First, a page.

All new appliances must have an energy efficiency certificate which rates appliances from A+++ to G. The highest and most efficient rating is A+++, while the lowest is G. These ratings are based on the amount of energy each appliance uses, so the higher the rating, the fewer units of energy it uses (measured in kilowatt hours or kWh).
Research by consumer group Which? shows that swapping ‘power-guzzling’ kitchen appliances for more efficient ones could save households up to £275 annually.
4. Use your thermostat with care – £80 per year
Simply turning down your thermostat by one degree can reduce heating bills by £80 a year. It can also be worth investing in a smart thermostat so that only the rooms you are using are heated.
Smart thermostats learn how long it takes for your home to warm up so that the heating comes on at the right time and you can often set different temperatures for different rooms.
You can usually operate smart thermostats remotely via your mobile phone, tablet or laptop so you can alter your heating on the go – which can be handy if you’ve left home but forgotten to turn off the heating.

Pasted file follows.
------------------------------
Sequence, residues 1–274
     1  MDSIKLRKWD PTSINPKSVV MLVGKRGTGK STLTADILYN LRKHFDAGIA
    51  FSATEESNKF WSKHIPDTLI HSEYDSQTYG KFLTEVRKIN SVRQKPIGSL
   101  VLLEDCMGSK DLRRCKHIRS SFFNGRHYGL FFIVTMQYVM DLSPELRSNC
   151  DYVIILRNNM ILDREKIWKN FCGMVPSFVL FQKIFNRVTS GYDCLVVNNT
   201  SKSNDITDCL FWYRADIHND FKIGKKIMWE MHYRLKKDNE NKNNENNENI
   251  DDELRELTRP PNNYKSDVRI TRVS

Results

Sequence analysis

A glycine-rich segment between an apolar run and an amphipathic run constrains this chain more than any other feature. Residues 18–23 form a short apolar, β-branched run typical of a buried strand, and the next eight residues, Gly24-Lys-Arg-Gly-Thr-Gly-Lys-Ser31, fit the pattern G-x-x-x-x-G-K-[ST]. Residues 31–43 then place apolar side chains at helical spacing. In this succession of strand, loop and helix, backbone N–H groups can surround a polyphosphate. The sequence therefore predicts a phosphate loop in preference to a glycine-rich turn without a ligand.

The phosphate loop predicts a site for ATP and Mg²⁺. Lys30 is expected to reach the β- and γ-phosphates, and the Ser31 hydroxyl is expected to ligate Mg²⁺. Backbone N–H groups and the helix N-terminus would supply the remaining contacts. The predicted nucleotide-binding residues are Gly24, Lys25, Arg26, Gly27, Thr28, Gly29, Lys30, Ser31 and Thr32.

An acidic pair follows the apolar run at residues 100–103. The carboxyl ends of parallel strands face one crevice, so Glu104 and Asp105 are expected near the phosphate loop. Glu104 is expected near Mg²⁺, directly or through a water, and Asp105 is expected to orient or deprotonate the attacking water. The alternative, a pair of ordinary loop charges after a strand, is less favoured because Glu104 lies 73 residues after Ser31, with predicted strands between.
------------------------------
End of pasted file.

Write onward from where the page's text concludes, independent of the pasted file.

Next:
5. Replace your shower head – £70 per year
According to the Energy Saving Trust, if you have a shower that takes hot water from your boiler or hot water tank (rather than an electric shower), switching to a water efficient shower head will reduce your hot water usage and save you a decent sum of money.
In fact, a four-person household could save as much as £70 a year on gas for water heating, as well as a further £115 a year on water bills if you have a water meter.
6. Spend less time in the shower – £75 per year
As well as changing your shower head, reducing the amount of time you spend in the shower by just one minute every day can slice up to £7 off your annual energy bill, per person.
If you have a water meter, you could save an additional £12 on your water and sewerage bills each year. So for a family of four, you’re looking at a potential annual saving of £75 in total.
7. Replace your boiler – £315 per year
If your boiler is more than 15 years old, it’s probably worth replacing it with a more modern energy-efficient A-rated model. All modern boilers are condensing boilers which means they have a larger heat exchanger and make better use of the heat they generate from burning fuels such as oil or gas.